Scepticism Descartes and Hume

Document Type:Essay

Subject Area:Philosophy

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They both addressed the issue of scepticism but had different opinions about it. The theory is based on the idea that human beings make judgements about various issues and things in their life. The judgments are mostly based on past experiences and contain elements of doubt; we are then prompted to make a judgment about that doubt, and since this judgment is also based on past experience it will in turn produce a new doubt. Once again, we are impelled to make a judgment about this second doubt, making the cycle to continue. Therefore, scepticism, whether approached from Descartes’ or Hume’s perspective, has no particular conclusion and is a matter of choice by an individual. The sceptical bottom line as described by David Hume is that even our best theories about both physical and mental phenomena will be plagued with contradictions. Hume also addresses the topic of scepticism in his Enquiry but treats the matter somewhat differently by rejecting the extreme scepticism and accepting a more moderate form of scepticism (Greco, 2011). He associates extreme Pyrrhonian scepticism with blanket attacks on all reasoning about the external world, abstract reasoning about space and time, or causal reasoning about matters of fact. He argues, though, that we must reject such scepticism since there is no any benefit that endures can ever result from it. Instead, Hume recommends a more moderate or academic scepticism that tones down Pyrrhonism by, first, exercising caution and modesty in our judgments, and, second, by restricting our speculations to abstract reasoning and matters of fact (Lewandowsky, Mann, Brown, & Friedman, 2016).

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A second contradiction involves a conflict between two theories of external perception, each of which our natural reasoning process leads us to. One is our natural inclination to believe that we are directly seeing objects as they really are, and the other is the more philosophical view that we only ever see mental images or copies of external objects (Lewandowsky, Mann, Brown, & Friedman, 2016). The third contradiction involves a conflict between causal reasoning and belief in the continued existence of matter. After listing these contradictions, Hume despairs over the failure of his metaphysical reasoning. However, he pacifies his despair by recognizing that nature forces him to set aside his philosophical speculations and return to the normal activities of common life (Greco, 2011). In other words, Hume is saying that moderate scepticism is necessary.

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Descartes is responsible for the scepticism that has been labelled Cartesian doubt (Wilson, 2012). Hume critiques this scepticism in his Enquiry Concerning Human Understanding. After his discussion of Cartesian doubt, he offers a different type of scepticism that he considers as being more effective philosophically (Lewandowsky, Mann, Brown, & Friedman, 2016). The question is: is Hume right in his characterization of Cartesian doubt and is the scepticism he offers better? Descartes introduced the idea of universal doubt to philosophy. d. It allows philosophy to be brought down to basic principles and gives a foundation to slowly build upon. This slow progress allows a review of thoughts and establishes sure steps to truths. Hume's scepticism is limiting but not as limiting as Cartesian doubt (Lewandowsky, Mann, Brown, & Friedman, 2016). Hume calls this mitigated scepticism another species of mitigated scepticism which may be of advantage to man-kind is the limitation of our enquiries to such subjects as are best adapted to the narrow capacity of human understanding (Greco, 2011).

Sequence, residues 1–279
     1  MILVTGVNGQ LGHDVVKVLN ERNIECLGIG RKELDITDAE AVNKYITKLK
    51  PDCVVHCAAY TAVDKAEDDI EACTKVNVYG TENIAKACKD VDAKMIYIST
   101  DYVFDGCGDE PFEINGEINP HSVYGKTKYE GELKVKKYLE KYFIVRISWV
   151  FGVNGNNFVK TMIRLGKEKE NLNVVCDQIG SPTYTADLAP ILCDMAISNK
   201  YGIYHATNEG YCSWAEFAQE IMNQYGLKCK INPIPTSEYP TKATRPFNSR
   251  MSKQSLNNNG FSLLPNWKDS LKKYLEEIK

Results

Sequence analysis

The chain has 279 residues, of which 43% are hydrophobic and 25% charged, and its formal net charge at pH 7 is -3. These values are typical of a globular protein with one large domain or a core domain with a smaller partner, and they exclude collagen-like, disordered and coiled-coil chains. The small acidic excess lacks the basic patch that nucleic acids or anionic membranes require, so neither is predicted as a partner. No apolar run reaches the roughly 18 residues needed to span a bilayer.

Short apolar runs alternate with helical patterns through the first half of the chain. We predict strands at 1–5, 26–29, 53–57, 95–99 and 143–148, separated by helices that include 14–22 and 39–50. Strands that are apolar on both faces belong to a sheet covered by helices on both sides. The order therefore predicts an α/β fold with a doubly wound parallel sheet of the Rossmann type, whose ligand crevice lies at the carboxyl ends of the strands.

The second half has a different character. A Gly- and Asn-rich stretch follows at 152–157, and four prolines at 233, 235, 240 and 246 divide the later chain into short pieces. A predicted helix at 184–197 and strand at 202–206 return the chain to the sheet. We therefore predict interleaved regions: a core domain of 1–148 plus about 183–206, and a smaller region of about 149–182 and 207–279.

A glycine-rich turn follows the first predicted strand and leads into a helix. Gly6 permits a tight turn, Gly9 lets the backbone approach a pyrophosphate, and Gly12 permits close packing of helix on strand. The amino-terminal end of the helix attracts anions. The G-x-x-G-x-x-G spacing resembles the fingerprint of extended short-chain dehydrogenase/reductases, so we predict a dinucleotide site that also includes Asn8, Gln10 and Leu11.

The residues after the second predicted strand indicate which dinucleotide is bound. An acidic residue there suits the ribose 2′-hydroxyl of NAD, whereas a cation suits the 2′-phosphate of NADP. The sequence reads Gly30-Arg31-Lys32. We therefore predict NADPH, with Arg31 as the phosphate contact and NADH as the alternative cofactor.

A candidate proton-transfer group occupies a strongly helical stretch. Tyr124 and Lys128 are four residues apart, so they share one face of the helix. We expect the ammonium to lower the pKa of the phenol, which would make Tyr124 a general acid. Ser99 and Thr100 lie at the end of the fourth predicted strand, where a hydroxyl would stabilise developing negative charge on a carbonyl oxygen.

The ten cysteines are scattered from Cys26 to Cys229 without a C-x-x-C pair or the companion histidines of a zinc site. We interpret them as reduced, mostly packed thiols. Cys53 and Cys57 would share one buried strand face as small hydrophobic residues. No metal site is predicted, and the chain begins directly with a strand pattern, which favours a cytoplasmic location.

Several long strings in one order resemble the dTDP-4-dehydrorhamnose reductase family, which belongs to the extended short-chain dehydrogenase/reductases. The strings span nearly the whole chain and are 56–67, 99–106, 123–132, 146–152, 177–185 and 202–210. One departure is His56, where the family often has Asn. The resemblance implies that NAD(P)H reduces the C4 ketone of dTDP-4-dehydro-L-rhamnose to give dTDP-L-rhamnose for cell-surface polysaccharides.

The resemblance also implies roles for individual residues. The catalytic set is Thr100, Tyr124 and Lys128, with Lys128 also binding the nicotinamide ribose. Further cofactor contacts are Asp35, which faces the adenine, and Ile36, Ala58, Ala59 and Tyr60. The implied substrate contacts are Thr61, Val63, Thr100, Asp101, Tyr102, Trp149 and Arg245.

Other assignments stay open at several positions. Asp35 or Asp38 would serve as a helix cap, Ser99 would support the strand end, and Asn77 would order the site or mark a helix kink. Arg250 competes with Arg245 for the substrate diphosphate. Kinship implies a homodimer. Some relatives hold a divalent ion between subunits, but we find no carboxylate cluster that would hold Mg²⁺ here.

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Rene Descartes concluded that one self was merely a continuous awareness of one’s own existence; one’s substance was one’s ability to think. On the other hand, David Hume, an empiricist refuted Descartes conclusion and claimed that the concept of self was nonsense, the idea could not be linked to any sensual experience (Descartes, 1641). Hume concluded that there was no such thing as self, i. e. self does not actually exist. Similarly, thinking that the dream state is more pleasurable would definitely be pleasurable. In conclusion, the issue of scepticism is a matter of choice by an individual based on the propositions and arguments of both Hume and Descartes. Whether refuting or supporting an idea, the propositions and arguments of Hume and Descartes can be pooled together in a way to combine and help explain human behaviour.

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Descartes argues that we cannot distinguish being awake from dreaming. But if our thoughts determine our existence, then it’s a contradiction because according to that belief, a person would either think he is awake, and therefore be awake simply because he thinks himself to be awake or be dreaming because he believes he is dreaming. d.  Dream Scepticism in Descartes’ Meditations and the Matrix. Greco, J.  The Oxford handbook of skepticism. Oxford: Oxford Univ. Friedman, H. Science and the public: Debate, denial, and skepticism.  Journal of Social and Political Psychology, 4(2), 537-553. doi:10. jspp. analys/ans117.

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